Guy on Rocks: The junior resources sector is down 40-50pc from recent highs. Buy the dip?
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‘Guy on Rocks’ is a Stockhead series looking at the significant happenings of the resources market each week. Former geologist and experienced stockbroker Guy Le Page, director, and responsible executive at Perth-based financial services provider RM Corporate Finance, shares his high conviction views on the market and his “hot stocks to watch”.
Markets were clearly rattled last week as the slow-moving economic train wreck finally gathers momentum.
US inflation came in last week at a whopping 8.6%, the highest level in over 41 years while consumer sentiment hit a 50-year low (figure 1) falling from 58.4 to 50.2 in May 2022.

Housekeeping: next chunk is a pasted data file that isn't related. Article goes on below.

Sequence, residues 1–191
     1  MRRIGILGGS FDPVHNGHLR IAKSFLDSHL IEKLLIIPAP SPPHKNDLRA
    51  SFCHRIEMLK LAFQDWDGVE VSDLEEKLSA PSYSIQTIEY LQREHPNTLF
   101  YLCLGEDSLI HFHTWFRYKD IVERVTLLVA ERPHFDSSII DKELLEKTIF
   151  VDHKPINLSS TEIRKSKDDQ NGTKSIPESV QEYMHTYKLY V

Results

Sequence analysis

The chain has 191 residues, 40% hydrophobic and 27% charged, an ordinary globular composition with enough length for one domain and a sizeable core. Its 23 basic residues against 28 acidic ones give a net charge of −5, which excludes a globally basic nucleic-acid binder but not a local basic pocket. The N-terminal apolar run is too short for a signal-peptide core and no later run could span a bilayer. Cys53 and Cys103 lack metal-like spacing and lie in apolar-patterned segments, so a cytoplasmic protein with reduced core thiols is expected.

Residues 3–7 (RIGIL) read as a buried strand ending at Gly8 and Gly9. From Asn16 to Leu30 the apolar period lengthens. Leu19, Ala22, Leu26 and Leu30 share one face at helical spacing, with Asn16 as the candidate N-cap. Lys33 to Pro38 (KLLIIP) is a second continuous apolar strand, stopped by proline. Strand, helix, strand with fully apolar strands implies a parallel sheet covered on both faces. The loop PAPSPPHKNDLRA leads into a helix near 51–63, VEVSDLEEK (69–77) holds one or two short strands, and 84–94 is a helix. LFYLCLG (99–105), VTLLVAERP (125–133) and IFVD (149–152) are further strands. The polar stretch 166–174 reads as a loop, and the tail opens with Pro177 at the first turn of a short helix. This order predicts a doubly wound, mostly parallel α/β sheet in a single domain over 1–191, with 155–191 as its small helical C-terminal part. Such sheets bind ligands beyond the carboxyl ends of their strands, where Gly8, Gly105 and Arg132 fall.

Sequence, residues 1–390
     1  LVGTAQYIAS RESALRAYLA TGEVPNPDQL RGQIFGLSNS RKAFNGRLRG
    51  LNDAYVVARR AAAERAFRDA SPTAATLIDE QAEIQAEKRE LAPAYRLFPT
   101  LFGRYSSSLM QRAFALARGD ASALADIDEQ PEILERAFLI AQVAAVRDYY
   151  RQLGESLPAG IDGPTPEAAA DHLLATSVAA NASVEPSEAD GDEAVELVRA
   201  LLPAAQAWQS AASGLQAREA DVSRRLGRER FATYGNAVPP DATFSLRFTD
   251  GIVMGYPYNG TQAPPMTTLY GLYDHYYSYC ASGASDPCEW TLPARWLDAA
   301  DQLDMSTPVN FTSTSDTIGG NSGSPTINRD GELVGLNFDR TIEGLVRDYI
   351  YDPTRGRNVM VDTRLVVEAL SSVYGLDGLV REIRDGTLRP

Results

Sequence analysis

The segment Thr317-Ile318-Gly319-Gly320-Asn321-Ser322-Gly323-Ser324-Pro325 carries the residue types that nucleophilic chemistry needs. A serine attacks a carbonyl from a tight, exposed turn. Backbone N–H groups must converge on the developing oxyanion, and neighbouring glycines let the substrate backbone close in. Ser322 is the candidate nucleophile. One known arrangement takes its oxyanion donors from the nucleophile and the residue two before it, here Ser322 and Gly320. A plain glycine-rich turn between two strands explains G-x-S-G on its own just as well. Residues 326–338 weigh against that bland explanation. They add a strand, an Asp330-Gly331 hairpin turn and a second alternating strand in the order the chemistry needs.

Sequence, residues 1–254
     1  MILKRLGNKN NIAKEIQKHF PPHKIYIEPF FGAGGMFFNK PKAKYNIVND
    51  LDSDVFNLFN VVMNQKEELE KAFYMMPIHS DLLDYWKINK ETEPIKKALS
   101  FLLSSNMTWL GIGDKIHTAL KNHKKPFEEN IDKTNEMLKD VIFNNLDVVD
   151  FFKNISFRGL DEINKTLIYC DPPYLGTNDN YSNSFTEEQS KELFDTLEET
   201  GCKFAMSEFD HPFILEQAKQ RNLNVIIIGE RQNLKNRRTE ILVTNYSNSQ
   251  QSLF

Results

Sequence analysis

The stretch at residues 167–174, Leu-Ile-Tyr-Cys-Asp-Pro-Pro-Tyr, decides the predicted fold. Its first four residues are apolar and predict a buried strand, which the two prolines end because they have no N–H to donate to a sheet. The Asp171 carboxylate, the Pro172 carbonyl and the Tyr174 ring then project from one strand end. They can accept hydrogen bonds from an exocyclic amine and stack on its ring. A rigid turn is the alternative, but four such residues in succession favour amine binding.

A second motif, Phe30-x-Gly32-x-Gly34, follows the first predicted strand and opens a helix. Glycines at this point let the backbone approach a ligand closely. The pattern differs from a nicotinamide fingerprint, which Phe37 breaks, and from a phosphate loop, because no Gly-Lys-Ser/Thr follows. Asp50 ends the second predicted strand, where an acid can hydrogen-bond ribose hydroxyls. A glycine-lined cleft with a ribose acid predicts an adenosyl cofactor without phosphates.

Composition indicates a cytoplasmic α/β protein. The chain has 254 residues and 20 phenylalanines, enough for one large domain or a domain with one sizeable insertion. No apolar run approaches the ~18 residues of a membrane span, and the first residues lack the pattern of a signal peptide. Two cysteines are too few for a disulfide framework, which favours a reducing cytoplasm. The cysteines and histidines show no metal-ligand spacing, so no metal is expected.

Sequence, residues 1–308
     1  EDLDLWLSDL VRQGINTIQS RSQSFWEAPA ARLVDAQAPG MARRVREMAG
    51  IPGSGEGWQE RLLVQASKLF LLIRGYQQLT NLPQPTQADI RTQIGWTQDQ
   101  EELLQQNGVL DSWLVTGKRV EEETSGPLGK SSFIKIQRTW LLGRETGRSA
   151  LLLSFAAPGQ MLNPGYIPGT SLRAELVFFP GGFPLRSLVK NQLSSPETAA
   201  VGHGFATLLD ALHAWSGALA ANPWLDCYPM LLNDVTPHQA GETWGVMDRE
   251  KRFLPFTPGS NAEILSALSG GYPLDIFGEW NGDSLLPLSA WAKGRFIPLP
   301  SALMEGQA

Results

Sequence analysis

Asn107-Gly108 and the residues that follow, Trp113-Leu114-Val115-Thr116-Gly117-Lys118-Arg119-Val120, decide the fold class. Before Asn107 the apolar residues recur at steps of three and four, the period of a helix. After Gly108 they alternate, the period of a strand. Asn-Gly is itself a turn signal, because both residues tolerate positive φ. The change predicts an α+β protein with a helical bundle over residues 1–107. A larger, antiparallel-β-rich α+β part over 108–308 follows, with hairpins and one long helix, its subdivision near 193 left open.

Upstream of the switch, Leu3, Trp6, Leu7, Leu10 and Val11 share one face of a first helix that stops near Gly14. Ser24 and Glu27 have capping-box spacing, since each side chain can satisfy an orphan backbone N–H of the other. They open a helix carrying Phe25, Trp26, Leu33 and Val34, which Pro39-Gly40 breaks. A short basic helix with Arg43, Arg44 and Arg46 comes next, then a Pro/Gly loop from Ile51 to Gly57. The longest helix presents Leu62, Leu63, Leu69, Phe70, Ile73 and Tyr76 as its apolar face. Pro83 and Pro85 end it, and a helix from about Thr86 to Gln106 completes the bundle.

Not surprisingly the DOW Jones Index recorded its worst week since January this year, plummeting over 4.5% to 31,392, the S&P 5% to 3,901 with the volatility index (VIX) in the mid to upper 20s closing at 27.8 (50% above the average).
The NASDAQ was the hardest hit finishing at 11,340 off 5.5% for the week. The US dollar index also closed up 2% for the week at 104.17.
As Mickey Fulp (Mercenary Geologist) pointed out in his weekly podcast (10 June 2022), the last time the DOW was down 10 of the previous 11 weeks was 1932.